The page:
Here are some questions we might take into dyads or group discussion during our Tuesday saṅgha. They were brainstormed, unedited, and in no particular order. Please comment or add others for us to consider:
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by Oriah Mountain Dream.
People usually come to spiritual practices to alleviate (or escape) the anguish in their lives. But there is no way out. The only way is through, starting with the truth of how this moment truly is. For me, this prose poem points to this gentle fierceness. Oriah Mountain Dreamer was not writing as a Buddhist. But she captures in Western idioms some of the depth and textures that don't come through as fluidly in scholarly translations of the sutras . Freedom comes through a wide open and unrelenting poignancy, not through careful correctness. - Doug
It doesn't interest me what you do for a living. I want to know what you ache for, and if you dare to dream of meeting your hearts longing.
It doesn't interest me how old you are. I want to know if you will risk looking like a fool for love, for your dreams, for the adventure of being alive.
It doesn't interest me what planets are squaring your moon. I want to know if you have touched the center of your own sorrow, if you have been opened by life's betrayals, or have become shriveled and closed from fear of further pain.
I want to know if you can sit with pain, mine or your own, without moving to hide it or fade it or fix it. I want to know if you can be with joy, mine or your own; if you can dance with wildness and let the ecstasy fill you to the tips of your fingers and toes without cautioning us to be careful, be realistic, or to remember the limitations of being human.
It doesn't interest me if the story you are telling me is true, I want to know if you can disappoint another to be true to yourself. If you can bear the accusation of betrayal and not betray your own soul.
I want to know if you can be faithful and therefore trustworthy. I want to know if you can see beauty, even when it is not pretty every day, and if you can source your life from its presence.
I want to know if you can live with failure, yours or mine, and still stand on the edge of a lake and shout to the silver of the full moon, "Yes!"
It doesn't interest me to know where you live or how much money you have. I want to know if you can get up after the night of grief and despair, weary and bruised to the bone, and do what needs to be done for the children.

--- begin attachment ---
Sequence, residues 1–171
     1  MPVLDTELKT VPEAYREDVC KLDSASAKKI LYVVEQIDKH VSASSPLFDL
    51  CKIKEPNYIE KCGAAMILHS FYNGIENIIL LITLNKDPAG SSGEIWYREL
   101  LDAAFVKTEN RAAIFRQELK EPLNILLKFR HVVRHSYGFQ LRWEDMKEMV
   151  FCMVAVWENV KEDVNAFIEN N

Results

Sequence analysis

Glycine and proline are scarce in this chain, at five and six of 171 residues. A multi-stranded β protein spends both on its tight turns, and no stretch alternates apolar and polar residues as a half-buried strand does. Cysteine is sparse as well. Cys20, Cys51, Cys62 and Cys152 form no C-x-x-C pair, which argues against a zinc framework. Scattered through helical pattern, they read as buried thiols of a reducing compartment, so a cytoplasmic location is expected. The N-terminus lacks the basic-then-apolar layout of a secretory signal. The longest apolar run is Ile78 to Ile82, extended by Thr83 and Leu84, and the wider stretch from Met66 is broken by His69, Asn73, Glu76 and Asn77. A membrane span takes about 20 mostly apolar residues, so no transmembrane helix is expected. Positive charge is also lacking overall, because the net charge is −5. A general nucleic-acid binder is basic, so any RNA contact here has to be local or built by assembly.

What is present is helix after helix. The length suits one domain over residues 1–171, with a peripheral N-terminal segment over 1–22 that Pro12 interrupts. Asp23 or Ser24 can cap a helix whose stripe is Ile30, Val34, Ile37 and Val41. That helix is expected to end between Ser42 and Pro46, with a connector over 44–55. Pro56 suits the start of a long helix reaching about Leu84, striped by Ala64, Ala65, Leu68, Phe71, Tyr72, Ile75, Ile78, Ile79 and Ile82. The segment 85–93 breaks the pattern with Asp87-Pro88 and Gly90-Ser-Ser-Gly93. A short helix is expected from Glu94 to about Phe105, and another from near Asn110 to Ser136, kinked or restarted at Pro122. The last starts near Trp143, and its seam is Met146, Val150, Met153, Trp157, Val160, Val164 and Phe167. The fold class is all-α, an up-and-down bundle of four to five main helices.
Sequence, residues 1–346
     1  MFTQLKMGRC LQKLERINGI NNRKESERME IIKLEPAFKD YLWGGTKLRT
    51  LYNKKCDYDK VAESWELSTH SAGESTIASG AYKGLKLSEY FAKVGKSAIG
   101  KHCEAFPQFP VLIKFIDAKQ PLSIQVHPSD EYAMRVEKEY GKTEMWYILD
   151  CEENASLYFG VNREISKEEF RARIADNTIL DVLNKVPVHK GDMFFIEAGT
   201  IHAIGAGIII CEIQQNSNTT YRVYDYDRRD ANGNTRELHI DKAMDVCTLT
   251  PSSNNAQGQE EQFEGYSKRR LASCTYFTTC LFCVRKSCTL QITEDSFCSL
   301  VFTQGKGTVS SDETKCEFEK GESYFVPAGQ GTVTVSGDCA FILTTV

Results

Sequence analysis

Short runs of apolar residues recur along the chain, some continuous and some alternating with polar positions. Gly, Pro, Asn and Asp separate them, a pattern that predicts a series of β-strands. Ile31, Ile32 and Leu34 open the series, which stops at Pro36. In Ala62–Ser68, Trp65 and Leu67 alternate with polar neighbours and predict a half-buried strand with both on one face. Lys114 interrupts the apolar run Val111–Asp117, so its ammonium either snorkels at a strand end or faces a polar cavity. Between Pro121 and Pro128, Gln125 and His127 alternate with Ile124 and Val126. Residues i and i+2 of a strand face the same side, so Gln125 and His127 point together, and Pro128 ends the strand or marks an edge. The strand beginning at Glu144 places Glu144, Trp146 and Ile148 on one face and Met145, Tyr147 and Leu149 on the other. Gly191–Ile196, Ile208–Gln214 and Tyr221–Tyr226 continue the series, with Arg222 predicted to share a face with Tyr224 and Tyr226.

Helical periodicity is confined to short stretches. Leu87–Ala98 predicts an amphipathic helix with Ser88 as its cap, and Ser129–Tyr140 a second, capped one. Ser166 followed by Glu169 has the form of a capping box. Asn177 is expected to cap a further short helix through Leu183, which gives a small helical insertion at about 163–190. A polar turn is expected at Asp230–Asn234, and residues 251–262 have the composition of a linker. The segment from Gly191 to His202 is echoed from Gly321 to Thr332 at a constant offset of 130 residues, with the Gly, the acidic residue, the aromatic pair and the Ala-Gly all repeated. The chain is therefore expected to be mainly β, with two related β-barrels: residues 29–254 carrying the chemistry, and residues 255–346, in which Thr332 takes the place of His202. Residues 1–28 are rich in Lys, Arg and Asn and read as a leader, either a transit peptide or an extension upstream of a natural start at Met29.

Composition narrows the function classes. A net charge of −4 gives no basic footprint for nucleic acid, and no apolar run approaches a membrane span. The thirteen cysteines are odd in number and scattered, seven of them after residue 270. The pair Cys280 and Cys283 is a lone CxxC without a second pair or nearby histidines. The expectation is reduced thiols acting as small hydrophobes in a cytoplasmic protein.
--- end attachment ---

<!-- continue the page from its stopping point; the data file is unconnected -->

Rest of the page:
It doesn't interest me who you are, or how you came to be here- I want to know if you will stand in the center of the fire with me and not shrink back.
It doesn't interest me where or what or with whom you have studied. I want to know what sustains you from the inside when all else falls away. I want to know if you can be alone with yourself, and if you truly like the company you keep in the empty moments.
This is one of my favorite poems of all times. And know it has been illustrated for us by a middle aged yogi and a five year old yogi. The poem was written by Donald C. Babcock and appeared in the New Yorker in October of 1947 (at about the time I was conceived).
Now we are ready to look at something pretty special.
It is a duck riding the ocean a hundred feet beyond the surf.
No, it isn't a gull.
A gull always has a raucous touch about him.
This is some sort of duck, and he cuddles in the swells.
He isn't cold, and he is thinking things over.
There is a big heaving in the Atlantic,
And he is part of it.
He looks a bit like a mandarin, or the Lord Buddha meditating under the Bo tree,
But he has hardly enough above the eyes to be a philosopher.
He has poise, however, which is what philosophers must have.
He can rest while the Atlantic heaves, because he rests in the Atlantic.
Probably he doesn't know how large the ocean is.
And neither do you.
But he realizes it.
And what does he do, I ask you. He sits down in it.
He reposes in the immediate as if it were infinity – which it is.
That is religion, and the duck has it.
He has made himself part of the boundless,
by easing himself into it just where it touches him.
I like the little duck.
He doesn't know much.
But he has religion.
Ease (peacefulness, equanimity) and wakefulness (clear awareness) are with us all the time. But they have no tension to draw our attention, so we miss them. Meanwhile unwholesome qualities like striving, desire, aversion, fear, and discouragement may also be present. These have a lot of tension and draw our attention. Like the nightly news, bad news grabs the headlines while good news is boring.
Searching for peaceful awareness is like scouring the countryside to find our noses. Rather than strive for easeful wakefulness, we can use them by taking a dispassionate interest in whatever is going.
If the mind is scattered, we just notice, “Ah, scattered mind.” If it’s peaceful we notice, “Hmmm, peacefulness.” If it’s grumpy and resistant we notice, “Far out, grumpiness.” What arises in the mind-heart is not as important as the quality with which we know it. This journey is easier if we smile and enjoy what’s happening rather than tensely control or fret about it.
Here’s the secret: unwholesome qualities cannot survive in the light of relaxed awareness. They dissolve like mist in the morning sun.
Even if ease and wakefulness seem puny, we can still exercise what we have. Dispassionate interest makes them stronger. As awareness grows, it will take care of those hindrances and distractions. We don’t have to do it. Our job is to take care of awareness. Then it can do its job of taking take care of us.
T. S. Elliot famously wrote:
We shall not cease from exploration
And the end of all exploring
Will be to arrive where we started
And know the place for the first time.
Our practice brings comfort with new ways of seeing, even when it involves new ways of describing the practice itself. Last night's sangha saw this recasting of the 6-Rs...
...as the 5 S's: